For example, all of the US dollar denominated green sukuk are issued as one large tranche, while the Malaysian green sukuk issues tend to be divided into smaller, individual tranches that are tied to the underlying master issue.  For example, the Quantum Solar Park (QSP) green sukuk issued October 6, 2017, for 980.0 million ringgit (US $231.3 million) incorporated 32 separate tranches.  The tranche sizes varied from 25.0 million ringgit (US $5.90 million) to 35.0 million ringgit (US $8.26 million).  Adding to the complexity of QSP’s structure, each tranche had its own maturity date with the shortest tenure being a two-year, 25.0 million ringgit tranche, and the longest being nearly 18-years for 35.0 million ringgit.  This structuring behavior was consistent across the Malaysian ringgit denominated green sukuk, even among the smallest green sukuk.  Pasukhas Green Assets Sdn Bhd, issued February 28, 2019, for 17.0 million ringgit (US $4.17 million) was spread across 10 separate tranches with the smallest size being only 1.2 million ringgit (US $0.29 million) and the largest being 2.30 million ringgit (US $0.56 million).  

The rationale in issuing such a large array of sub-tranches as part of a master issue can be attributed, in part, to each project asset being associated with its own financing, a cultural norm in Malaysian Islamic finance.43  As mentioned earlier, sukuk are assets rather than debt obligations and as such are typically structured to securitize assets.  However, the problem is that it becomes difficult to find assets of similar value in the case of Islamically-permitted asset substitution.  Additionally, from a capital markets perspective, it is not viewed as efficient to issue sukuk in a series of sub-tranche sizes, as it undermines the benefits associated with scale and secondary market liquidity.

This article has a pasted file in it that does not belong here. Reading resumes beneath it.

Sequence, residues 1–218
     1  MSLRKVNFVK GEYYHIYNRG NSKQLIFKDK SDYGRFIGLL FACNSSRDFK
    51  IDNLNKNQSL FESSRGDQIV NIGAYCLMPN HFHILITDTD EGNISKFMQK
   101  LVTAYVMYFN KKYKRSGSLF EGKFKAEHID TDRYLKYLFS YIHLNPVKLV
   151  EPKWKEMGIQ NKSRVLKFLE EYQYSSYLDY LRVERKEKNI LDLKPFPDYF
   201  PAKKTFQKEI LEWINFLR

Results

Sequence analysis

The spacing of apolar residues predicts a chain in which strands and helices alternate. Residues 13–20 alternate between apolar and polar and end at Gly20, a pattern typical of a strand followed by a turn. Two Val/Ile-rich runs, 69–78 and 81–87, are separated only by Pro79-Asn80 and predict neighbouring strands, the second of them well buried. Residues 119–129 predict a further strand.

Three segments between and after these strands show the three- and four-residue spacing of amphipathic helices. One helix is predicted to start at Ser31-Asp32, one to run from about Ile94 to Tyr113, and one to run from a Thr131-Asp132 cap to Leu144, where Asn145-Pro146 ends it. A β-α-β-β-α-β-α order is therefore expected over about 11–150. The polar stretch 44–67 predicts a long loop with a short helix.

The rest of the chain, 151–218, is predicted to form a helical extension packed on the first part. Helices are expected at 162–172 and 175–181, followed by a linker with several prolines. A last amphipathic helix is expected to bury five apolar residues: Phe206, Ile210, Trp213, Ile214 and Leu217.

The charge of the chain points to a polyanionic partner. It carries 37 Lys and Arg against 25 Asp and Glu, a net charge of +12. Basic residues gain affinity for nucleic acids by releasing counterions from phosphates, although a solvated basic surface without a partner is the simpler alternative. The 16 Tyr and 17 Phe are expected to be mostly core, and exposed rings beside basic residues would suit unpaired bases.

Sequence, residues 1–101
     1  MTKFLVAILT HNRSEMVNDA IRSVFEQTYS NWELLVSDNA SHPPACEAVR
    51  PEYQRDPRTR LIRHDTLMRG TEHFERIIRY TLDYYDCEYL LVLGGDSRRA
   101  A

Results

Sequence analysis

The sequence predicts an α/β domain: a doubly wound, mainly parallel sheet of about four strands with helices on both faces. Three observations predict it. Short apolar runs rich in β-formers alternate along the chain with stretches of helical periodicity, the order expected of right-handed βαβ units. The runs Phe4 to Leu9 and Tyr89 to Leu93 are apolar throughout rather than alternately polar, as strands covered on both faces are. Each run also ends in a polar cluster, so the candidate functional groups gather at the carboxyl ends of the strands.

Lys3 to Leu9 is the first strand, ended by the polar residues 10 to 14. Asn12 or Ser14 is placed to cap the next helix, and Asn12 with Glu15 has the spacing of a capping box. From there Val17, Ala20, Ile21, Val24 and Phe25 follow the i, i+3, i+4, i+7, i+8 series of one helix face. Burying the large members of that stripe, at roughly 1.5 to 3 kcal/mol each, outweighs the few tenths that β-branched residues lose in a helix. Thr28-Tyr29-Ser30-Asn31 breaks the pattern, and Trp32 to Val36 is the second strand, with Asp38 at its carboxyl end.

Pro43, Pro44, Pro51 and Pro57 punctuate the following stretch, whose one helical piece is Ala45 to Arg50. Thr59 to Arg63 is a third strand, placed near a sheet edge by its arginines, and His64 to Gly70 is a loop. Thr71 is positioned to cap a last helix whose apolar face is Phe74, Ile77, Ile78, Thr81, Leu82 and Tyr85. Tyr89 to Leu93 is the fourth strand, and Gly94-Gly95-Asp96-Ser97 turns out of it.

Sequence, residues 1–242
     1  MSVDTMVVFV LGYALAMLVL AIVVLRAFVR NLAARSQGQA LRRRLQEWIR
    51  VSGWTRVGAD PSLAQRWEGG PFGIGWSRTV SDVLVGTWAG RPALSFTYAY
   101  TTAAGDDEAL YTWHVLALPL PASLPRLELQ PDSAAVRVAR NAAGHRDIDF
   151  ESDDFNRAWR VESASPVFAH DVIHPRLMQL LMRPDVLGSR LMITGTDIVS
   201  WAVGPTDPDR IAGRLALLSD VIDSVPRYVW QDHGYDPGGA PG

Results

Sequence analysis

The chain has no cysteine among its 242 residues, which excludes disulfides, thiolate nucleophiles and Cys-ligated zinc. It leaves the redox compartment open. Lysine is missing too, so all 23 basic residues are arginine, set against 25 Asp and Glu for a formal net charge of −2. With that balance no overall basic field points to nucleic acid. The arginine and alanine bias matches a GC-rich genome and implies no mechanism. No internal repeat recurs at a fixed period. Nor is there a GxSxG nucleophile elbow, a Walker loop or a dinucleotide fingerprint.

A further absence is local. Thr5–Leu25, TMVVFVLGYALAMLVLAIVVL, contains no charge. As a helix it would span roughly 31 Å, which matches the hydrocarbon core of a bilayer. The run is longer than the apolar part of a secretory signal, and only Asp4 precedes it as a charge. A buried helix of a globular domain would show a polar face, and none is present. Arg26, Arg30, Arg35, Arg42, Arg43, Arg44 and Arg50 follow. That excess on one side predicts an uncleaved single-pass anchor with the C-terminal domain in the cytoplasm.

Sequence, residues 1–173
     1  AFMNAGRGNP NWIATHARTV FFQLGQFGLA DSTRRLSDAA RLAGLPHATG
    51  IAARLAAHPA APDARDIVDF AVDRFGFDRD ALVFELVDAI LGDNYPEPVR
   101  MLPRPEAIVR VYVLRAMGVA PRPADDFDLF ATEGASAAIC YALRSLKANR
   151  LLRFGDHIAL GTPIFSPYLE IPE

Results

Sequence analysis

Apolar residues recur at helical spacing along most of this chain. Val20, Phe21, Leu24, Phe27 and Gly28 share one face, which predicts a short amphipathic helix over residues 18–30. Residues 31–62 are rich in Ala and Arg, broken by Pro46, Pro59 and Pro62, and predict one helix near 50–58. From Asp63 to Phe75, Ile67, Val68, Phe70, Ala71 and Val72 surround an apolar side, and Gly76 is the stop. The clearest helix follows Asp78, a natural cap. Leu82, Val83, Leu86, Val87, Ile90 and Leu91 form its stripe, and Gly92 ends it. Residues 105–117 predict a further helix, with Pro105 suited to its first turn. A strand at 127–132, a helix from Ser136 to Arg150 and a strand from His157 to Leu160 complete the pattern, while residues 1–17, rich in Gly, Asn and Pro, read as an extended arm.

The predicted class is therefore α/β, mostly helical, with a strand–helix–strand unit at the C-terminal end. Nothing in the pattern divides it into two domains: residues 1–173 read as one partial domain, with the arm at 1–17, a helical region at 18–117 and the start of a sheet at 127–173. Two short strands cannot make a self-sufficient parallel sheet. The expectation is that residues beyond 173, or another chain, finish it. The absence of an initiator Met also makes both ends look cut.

As a result, many international sukuk issuers began adopting hybrid sukuk structures as a preferred means of attaining the benefits of size, scale, and flexibility.  Such structures include sukuk al wakalah, which is generally a combination of an ijarah with a commodity murabaha.  As noted by Latham & Walkins, a legal firm known for its expertise in the securities industry,  “these [structures] often offer the additional advantage of allowing a commodity murabaha transaction to form part of the underlying asset base, up to a pre-determined maximum percentage of the total asset value, rather than requiring the market value of unencumbered tangible assets to equal or exceed, the principal amount of the sukuk being issued.”44  According to data collected by the International Islamic Financial Market’s (IIFM) annual survey in 2014, the issue frequency of wakalah, hybrids, and al ijarah sukuk structures among international issuers was 34%, 5%, and 43%, respectively.45  When compared to the IIFM’s survey for 2018, the sukuk distribution using wakalah rose to 51%, hybrids to 33%, and al ijarah fell to 12%.46


Wakala / Agency
Sukuk al-wakala share characteristics of mudaraba and musharaka, with a twist: the investors agree to a pre-determined ratio of profit, but should the profit exceed the agreed to amount, the issuer may keep the excess.

Ijara / Lease